Navarro hit 10 winners, converted three of four break points against Gauff and outpointed the reigning US Open champion 61-54.

“I don’t have a ton of words. Just really grateful to be here on Centre Court,” Navarro said. “A tournament with so much history and tradition that so many legends have played on before me. … I can’t wait to play again.”

Around the All England Club

No. 37 Donna Vekic of Croatia endured three rain delays to win her fourth-round match over No. 93 Paula Badosa of Spain, 6-2, 1-6, 6-4, in an hour and 38 minutes. She advanced to her first Wimbledon quarterfinal in her 10th tournament appearance.

After starting the 11 a.m. scheduled match two hours late due to a rain on outside No. 2 Court, Vekic endured three more stoppages of play and finally closed out the win at 6:35 p.m. London Time.

Vekic hit 33 winners, converted all four of her break-point chances and outpointed Badosa 74-70. She’s the fourth Croatia woman to reach the Wimbledon last eight, along with Mirjana Lucic, Karolina Sprem and Iva Majoli.

Next, Vekic will face 123rd-ranked New Zealand qualifier Lulu Sun, who ended the run of 135th-ranked British wild card Emma Raducanu, 6-2, 5-7, 6-2, in two hours and 50 minutes on Centre Court Sunday evening. Sun, who has won seven straight matches (three in qualifying and four in the main draw), hit 52 winners and outpointed Raducanu 111-95.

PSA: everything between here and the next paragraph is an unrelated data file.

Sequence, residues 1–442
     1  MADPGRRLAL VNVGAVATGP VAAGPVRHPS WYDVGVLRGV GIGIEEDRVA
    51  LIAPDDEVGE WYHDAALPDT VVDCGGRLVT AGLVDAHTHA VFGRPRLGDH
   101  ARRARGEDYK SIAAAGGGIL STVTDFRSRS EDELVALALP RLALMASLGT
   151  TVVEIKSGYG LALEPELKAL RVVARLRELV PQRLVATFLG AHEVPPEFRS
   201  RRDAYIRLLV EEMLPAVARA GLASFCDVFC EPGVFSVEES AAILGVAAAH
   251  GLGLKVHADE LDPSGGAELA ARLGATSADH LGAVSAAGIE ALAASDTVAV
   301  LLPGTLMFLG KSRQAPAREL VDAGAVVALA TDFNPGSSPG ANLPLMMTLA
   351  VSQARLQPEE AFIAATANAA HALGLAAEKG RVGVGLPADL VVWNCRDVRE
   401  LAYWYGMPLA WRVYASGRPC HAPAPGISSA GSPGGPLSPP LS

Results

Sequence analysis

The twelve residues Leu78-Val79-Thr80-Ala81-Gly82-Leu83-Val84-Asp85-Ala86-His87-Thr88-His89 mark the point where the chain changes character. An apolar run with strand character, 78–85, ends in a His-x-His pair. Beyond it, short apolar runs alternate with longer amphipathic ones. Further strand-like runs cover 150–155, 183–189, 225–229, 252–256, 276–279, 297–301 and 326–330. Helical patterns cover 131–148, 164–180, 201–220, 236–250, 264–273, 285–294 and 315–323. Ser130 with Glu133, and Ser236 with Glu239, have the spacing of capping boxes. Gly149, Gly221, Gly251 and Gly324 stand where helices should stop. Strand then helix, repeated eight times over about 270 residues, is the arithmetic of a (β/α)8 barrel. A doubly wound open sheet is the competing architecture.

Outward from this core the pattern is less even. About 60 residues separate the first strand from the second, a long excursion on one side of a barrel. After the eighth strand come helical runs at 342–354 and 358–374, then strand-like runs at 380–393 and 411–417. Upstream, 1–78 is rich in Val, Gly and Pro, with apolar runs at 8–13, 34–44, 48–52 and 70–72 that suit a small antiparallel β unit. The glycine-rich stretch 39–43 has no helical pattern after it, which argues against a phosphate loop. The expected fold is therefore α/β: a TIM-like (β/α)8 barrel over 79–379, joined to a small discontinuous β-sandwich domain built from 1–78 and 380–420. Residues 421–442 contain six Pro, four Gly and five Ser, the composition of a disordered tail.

“When I was walking out to Centre Court, I was like ‘I’ve never seen this.’ was just like looking around and taking it all in for the first time. I’m just super happy to be able to play on this court in front of all of you. It’s just such an amazing experience for me,” Sun said in her on-court interview.

Sunday’s Wimbledon results

Monday’s Wimbledon order of play

By the numbers

Holger Rune‘s 1-6, 6-7 (4), 6-4, 7-6 (4), 6-1 victory against Quentin Halys Saturday evening on No. 1 Court was the 10th successful comeback from 0-2 down this fortnight, setting a new Open Era record for most comebacks from 0-2 down in a year at Wimbledon.

“Quotable …”

“For me going from this kind of tennis where I felt like I’m playing the best tennis in my life to another surface where I kind of struggle a little bit more, it’s not easy. …

“All that stuff really combines to me not really having a good time in Wimbledon. …

“My tank of really pushing myself to the limits became suddenly, like, empty. I was kind of surprised. But I know what I did wrong after Roland Garros. I didn’t really rest properly. I’m not going to make this mistake again.”

— World No. 1 and top seed Iga Swiatek, from her post-match news conference on Saturday, following her 3-6, 6-1, 6-2 third-round loss to Yulia Putintseva om No. 1 Court.